This morning while in prayer I was re-reading the book of Nehemiah. It’s such an encouraging portion of Gods word to me. Over the last month we as a church family have been studying this amazing story. It’s a story about the rebuilding of the City of God.
Nehemiah was a trusted aide and advisor to the King of Persia. While serving in the palace one day, he received a visit from his brother, Hanani, who brought news from Jerusalem. The report was not good. Hanani told him that the walls of Jerusalem were broken down, and its gates have been burned with fire.
Nehemiah sat down and wept, mourning and fasting and praying for several months. In a turn of events Nehemiah was able to share his burden with the King who gave him permission to go to Jerusalem to lead the effort to rebuild the wall.
The king gave him full blessing, plus access to vast resources of timber for the project. He even provided for Nehemiah to be accompanied by army officers on 100 mile journey.
The long and short of it. The people of God came together to do God’s work according to Gods will, they committed their resources, their time and their energies to the task. And there was no shortage of challenges, for God’s will did not allow for the wall to be rebuilt without a struggle.
Before the work was half-done the builders were bombarded with sarcasm, criticism and naysayer. Two of these opponents were Sanballat and Tobiah. They were upset and angry because the walls were being rebuilt.
The criticism was prompted by progress, which often occurs when God’s people start to make things happen. The devotion and determination of this small band of Jews ought to have evoked admiration, but it was the opposite. The opponents simply couldn’t bear to see anything-positive happening.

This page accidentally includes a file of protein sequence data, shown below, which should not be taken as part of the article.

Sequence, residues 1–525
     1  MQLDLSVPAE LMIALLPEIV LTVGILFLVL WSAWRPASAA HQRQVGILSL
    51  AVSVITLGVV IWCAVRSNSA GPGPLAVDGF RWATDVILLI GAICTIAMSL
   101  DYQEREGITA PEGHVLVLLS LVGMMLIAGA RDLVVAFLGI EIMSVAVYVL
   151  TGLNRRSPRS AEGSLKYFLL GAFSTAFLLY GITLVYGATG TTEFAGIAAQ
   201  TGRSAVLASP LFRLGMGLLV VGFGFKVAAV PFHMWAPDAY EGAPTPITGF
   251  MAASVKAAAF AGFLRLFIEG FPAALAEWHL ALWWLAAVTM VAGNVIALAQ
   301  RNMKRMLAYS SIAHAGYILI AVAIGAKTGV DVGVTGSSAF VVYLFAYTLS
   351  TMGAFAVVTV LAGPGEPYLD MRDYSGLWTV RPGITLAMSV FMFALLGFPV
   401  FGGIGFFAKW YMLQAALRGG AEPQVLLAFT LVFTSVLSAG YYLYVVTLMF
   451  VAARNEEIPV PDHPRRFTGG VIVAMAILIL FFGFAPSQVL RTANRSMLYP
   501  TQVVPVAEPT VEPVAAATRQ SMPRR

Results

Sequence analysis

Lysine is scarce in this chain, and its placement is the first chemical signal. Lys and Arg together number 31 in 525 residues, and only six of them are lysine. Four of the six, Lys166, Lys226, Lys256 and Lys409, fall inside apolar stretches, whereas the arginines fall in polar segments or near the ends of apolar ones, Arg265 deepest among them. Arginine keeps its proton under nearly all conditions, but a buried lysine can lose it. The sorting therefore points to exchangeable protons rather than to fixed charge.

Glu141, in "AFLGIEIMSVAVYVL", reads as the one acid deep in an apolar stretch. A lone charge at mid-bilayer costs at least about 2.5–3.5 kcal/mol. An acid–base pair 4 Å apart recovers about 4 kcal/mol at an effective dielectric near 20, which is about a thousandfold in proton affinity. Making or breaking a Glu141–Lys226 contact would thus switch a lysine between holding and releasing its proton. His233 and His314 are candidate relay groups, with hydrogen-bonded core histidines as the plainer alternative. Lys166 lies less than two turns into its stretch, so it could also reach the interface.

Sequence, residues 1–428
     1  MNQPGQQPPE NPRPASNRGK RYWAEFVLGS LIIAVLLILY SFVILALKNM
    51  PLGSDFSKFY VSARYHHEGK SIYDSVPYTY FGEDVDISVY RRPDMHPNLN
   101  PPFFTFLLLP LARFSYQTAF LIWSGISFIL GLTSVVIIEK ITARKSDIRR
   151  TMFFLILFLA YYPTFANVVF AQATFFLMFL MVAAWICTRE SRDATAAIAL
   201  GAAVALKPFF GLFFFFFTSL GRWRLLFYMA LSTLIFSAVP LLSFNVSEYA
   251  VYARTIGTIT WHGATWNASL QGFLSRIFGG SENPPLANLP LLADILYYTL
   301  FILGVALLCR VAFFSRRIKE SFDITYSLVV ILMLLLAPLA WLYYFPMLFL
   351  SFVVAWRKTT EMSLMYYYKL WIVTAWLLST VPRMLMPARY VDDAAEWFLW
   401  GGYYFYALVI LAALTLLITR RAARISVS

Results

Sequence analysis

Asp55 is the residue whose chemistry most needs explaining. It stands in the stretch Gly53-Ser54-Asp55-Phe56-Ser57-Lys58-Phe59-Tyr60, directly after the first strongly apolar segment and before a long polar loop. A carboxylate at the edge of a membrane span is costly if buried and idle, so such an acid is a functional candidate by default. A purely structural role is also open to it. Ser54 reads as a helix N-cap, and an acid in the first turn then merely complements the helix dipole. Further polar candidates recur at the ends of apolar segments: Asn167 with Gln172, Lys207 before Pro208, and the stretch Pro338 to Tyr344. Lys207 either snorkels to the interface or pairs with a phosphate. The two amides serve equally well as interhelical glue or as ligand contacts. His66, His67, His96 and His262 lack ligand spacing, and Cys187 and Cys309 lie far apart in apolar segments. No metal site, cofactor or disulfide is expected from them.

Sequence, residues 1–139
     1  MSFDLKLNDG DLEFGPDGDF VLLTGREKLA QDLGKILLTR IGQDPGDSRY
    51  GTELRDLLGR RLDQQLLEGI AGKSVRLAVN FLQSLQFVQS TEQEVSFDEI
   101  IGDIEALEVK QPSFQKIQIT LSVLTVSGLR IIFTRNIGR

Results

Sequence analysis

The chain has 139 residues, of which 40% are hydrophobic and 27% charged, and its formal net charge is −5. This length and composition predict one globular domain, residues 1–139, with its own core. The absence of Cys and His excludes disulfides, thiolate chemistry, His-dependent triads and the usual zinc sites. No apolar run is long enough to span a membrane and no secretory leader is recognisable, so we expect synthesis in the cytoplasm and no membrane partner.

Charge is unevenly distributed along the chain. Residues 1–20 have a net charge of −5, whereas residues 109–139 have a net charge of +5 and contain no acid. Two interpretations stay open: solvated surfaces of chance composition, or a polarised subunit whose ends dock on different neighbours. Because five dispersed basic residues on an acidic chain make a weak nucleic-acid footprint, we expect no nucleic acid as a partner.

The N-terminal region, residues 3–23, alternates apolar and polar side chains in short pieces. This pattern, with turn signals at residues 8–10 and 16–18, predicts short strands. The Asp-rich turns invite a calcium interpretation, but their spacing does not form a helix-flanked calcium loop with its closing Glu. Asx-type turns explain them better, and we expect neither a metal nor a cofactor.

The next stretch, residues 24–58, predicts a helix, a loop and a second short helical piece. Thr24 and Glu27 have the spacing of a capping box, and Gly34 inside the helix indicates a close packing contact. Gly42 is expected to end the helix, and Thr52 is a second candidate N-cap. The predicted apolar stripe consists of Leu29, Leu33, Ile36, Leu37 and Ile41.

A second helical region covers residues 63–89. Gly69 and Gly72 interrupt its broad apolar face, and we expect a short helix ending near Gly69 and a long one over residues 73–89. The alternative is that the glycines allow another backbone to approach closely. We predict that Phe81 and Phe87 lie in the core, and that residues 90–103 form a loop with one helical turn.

To them, any change in the status quo was a threat; and, even though Sanballat and Tobiah weren’t the best of friends, they were drawn together by a mutual hatred of God’s servants. Critics usually run with critics; and while not all criticism is of the devil, this sure was.
In the pursuit of fulfilling the call of God the people of God faced numerous problems. Anger, Ridicule, Questioning, Criticism. Sarcasm. Treachery. Threats. The enemies called the rebuilding project the Jews’ walls, when in fact it was God’s wall. In reality, they were criticizing God.
Nehemiah recognized this, and he took decisive action to counteract the opposition by taking this most important matter to God in prayer. He resisted the temptation to strike back, because he knew that God was in control.
Here are three steps that we find modeled by Nehemiah to take when we are up against the problems of Life. See how the Holy Spirit would relate this to your life.
01. INTENSIFY YOUR PERSISTENCE IN PRAYER. The waves of persecution never let up while the rebuilding went on, but God’s people had a stronger weapon: “We prayed to our God and posted a guard day and night to meet this threat. Exercising common sense, they set up a defense. They did what was necessary to complement their prayers. If you want to counteract your home being burglarized, don’t just pray, put in an alarm system.
02. EXPECT DIFFICULTLY WHEN YOU DO WHAT’S RIGHT. Great opportunity is often accompanied by great opposition. The Apostle Paul said of the work in Ephesus, “A great door for effective ministry has opened to me, and there are many who oppose me.” He chose to think primarily about the great open door, not the daunting opponents.
The easiest thing to do when confronted by difficulty is to give up, and nothing pleases Satan or the critics more than for the negative to cancel neutralize the positive. It’s critical to keep going, no matter what is in the way, no matter what threatens to prevent you from doing God’s will.
03. DON’T GIVE UP OR GIVE IN. Nehemiah and the workers were invincible because they were in the very center of God’s will. They would not give up or give in. Faced with deceit, distraction and discouragement on all sides, they kept relying on God’s power and He gave them the victory. God’s promise to us is no different from the one those believers carried in their hearts. John’s first epistle reminds us: “You, dear children, are from God and have overcome them, because the one who is in you is greater than the one who is in the world.”